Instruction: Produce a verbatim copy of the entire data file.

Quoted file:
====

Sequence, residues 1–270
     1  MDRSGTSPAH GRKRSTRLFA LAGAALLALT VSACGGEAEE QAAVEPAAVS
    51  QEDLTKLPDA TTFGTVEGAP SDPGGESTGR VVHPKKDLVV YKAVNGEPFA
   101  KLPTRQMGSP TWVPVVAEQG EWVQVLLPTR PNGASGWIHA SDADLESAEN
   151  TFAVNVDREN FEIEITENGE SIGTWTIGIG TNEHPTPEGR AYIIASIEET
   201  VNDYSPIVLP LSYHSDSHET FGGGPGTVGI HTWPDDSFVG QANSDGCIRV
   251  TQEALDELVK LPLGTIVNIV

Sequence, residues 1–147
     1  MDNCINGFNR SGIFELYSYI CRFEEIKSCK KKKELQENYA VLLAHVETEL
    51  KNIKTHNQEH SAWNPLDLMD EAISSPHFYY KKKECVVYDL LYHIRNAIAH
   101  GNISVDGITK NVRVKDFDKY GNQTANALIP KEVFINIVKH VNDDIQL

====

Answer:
Sequence, residues 1–270
     1  MDRSGTSPAH GRKRSTRLFA LAGAALLALT VSACGGEAEE QAAVEPAAVS
    51  QEDLTKLPDA TTFGTVEGAP SDPGGESTGR VVHPKKDLVV YKAVNGEPFA
   101  KLPTRQMGSP TWVPVVAEQG EWVQVLLPTR PNGASGWIHA SDADLESAEN
   151  TFAVNVDREN FEIEITENGE SIGTWTIGIG TNEHPTPEGR AYIIASIEET
   201  VNDYSPIVLP LSYHSDSHET FGGGPGTVGI HTWPDDSFVG QANSDGCIRV
   251  TQEALDELVK LPLGTIVNIV

Sequence, residues 1–147
     1  MDNCINGFNR SGIFELYSYI CRFEEIKSCK KKKELQENYA VLLAHVETEL
    51  KNIKTHNQEH SAWNPLDLMD EAISSPHFYY KKKECVVYDL LYHIRNAIAH
   101  GNISVDGITK NVRVKDFDKY GNQTANALIP KEVFINIVKH VNDDIQL